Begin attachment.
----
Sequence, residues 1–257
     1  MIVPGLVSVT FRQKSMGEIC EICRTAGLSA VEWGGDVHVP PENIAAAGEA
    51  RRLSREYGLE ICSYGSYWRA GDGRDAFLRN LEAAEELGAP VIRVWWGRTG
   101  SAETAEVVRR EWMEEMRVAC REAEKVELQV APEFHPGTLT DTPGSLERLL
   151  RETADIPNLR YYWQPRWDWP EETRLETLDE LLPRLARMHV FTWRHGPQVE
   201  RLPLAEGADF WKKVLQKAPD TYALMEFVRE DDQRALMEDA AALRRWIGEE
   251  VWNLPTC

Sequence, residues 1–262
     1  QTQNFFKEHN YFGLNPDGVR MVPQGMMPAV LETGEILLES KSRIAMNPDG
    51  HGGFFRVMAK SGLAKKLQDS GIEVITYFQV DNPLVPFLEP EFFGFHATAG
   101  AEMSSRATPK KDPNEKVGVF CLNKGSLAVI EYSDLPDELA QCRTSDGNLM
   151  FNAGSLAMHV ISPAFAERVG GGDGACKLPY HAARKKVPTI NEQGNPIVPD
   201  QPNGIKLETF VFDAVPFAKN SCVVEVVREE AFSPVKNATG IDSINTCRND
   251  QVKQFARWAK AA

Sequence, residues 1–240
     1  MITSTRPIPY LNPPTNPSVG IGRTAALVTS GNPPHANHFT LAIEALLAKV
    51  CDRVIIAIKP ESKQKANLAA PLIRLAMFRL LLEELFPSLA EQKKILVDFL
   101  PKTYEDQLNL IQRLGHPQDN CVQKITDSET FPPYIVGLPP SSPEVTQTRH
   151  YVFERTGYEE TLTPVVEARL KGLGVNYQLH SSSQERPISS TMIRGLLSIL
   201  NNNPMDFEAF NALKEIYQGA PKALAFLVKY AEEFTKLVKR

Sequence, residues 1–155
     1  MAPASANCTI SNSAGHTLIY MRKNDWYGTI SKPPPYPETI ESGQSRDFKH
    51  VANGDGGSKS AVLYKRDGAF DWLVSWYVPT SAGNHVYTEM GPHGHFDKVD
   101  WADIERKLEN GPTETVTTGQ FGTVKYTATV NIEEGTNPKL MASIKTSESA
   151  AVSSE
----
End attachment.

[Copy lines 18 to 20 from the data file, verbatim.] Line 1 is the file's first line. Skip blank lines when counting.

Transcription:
   101  PKTYEDQLNL IQRLGHPQDN CVQKITDSET FPPYIVGLPP SSPEVTQTRH
   151  YVFERTGYEE TLTPVVEARL KGLGVNYQLH SSSQERPISS TMIRGLLSIL
   201  NNNPMDFEAF NALKEIYQGA PKALAFLVKY AEEFTKLVKR